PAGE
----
Self-Reported Hypertension and Use of Antihypertensive Medication Among Adults — United States, 2005–2009
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Self-Reported Hypertension and Use of Antihypertensive Medication Among Adults — United States, 2005–2009

Filetype[PDF-589.74 KB]


  • English

  • Details:

    • Alternative Title:
      MMWR Morb Mortal Wkly Rep
    • Description:
      Hypertension affects one third of adults in the United States and is a major risk factor for heart disease and stroke. A previous report found differences in the prevalence of hypertension among racial/ethnic populations in the United States; blacks had a higher prevalence of hypertension, and Hispanics had the lowest use of antihypertensive medication. Recent variations in geographic differences in hypertension prevalence in the United States are less well known. To assess state-level trends in self-reported hypertension and treatment among U.S. adults, CDC analyzed 2005-2009 data from the Behavioral Risk Factor Surveillance System (BRFSS). The results indicated wide variation among states in the prevalence of self-reported diagnosed hypertension and use of antihypertensive medications. In 2009, the age-adjusted prevalence of self-reported hypertension ranged from 20.9% in Minnesota to 35.9% in Mississippi. The proportion reporting use of antihypertensive medications among those who reported hypertension ranged from 52.3% in California to 74.1% in Tennessee. From 2005 to 2009, nearly all states had an increased prevalence of self-reported hypertension, with percentage-point increases ranging from 0.2 for Virginia (from 26.9% to 27.1%) to 7.0 for Kentucky (from 27.5% to 34.5%). Overall, from 2005 to 2009, the prevalence of self-reported hypertension among U.S. adults increased from 25.8% to 28.3%. Among those reporting hypertension, the proportion using antihypertensive medications increased from 61.1% to 62.6%. Increased knowledge of the differences in self-reported prevalence of hypertension and use of antihypertensive medications by state can help in guiding programs to prevent heart disease, stroke, and other complications of uncontrolled hypertension, including those conducted by state and local public health agencies and health-care providers.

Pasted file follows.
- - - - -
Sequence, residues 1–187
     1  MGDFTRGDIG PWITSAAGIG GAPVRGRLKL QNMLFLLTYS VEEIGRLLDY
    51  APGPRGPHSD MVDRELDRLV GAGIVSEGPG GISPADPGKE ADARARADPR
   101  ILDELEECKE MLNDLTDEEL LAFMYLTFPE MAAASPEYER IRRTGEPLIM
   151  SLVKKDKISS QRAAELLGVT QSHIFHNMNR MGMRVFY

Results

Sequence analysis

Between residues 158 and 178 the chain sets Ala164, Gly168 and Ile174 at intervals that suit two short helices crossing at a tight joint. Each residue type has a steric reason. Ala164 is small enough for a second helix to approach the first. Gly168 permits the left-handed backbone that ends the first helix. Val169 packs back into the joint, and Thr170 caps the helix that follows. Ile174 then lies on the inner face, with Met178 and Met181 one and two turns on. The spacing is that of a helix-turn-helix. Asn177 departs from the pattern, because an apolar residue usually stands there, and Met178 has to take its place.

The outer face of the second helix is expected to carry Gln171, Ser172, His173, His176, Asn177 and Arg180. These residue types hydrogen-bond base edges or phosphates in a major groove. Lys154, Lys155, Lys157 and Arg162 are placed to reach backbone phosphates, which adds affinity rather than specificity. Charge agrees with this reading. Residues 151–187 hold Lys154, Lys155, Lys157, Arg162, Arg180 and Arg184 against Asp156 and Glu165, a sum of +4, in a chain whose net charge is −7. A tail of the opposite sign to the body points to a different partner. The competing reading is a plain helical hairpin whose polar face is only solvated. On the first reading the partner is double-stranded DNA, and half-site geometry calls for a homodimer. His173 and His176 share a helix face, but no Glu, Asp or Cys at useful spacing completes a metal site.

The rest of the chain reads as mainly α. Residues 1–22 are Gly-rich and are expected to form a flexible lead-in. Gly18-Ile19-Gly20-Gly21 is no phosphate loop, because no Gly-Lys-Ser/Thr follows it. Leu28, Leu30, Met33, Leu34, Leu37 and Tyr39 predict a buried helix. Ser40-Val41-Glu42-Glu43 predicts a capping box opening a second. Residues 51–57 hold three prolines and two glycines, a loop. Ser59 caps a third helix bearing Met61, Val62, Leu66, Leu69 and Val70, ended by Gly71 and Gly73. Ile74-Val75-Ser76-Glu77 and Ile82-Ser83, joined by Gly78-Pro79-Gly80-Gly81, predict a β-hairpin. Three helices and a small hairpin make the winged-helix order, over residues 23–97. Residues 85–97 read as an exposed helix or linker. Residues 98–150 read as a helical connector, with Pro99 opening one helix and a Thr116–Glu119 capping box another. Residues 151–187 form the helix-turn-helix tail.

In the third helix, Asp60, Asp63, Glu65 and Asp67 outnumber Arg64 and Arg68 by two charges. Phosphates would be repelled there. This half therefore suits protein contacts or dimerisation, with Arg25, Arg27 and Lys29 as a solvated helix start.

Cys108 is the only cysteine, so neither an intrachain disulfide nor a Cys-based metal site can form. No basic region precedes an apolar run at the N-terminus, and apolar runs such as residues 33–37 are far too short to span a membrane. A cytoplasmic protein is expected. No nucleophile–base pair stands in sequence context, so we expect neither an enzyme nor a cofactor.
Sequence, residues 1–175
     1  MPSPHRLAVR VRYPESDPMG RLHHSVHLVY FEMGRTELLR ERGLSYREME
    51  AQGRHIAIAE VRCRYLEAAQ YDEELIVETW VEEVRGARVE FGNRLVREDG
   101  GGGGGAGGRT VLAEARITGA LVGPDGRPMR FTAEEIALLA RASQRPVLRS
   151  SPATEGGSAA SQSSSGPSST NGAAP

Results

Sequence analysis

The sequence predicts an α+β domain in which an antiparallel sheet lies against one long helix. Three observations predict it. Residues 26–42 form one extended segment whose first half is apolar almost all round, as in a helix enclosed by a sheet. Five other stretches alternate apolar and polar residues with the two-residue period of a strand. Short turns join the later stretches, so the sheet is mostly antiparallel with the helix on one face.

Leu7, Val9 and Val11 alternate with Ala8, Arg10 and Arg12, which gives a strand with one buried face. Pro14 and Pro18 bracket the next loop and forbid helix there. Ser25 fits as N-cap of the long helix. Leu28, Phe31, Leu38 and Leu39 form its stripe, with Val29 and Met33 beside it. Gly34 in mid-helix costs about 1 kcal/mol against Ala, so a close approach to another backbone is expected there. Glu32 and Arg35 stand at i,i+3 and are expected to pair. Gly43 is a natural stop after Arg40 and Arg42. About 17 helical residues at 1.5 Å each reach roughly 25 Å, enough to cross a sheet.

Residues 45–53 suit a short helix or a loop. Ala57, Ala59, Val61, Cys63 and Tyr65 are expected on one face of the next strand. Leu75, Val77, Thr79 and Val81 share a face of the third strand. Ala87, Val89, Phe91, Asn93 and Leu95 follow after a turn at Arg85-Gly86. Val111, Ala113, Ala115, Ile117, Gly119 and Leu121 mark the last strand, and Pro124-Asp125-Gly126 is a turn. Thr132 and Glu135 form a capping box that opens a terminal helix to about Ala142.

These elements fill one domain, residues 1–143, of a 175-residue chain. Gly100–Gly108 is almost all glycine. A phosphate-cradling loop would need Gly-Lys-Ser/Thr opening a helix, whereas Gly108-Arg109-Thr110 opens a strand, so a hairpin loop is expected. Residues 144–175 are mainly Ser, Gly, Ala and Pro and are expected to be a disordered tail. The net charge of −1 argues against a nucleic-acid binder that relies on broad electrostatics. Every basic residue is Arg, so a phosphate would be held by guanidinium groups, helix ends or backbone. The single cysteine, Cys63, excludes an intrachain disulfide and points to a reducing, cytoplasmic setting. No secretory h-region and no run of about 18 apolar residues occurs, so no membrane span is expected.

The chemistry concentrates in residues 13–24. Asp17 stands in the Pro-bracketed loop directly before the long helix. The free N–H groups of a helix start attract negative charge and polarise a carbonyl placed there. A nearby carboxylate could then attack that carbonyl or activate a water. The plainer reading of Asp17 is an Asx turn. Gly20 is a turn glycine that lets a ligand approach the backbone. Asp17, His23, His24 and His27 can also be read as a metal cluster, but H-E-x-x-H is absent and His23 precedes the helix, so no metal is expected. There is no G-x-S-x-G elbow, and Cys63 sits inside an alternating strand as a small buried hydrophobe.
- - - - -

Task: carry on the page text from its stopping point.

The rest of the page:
• Pubmed ID:
      23552224
    • Pubmed Central ID:
      PMC4605009
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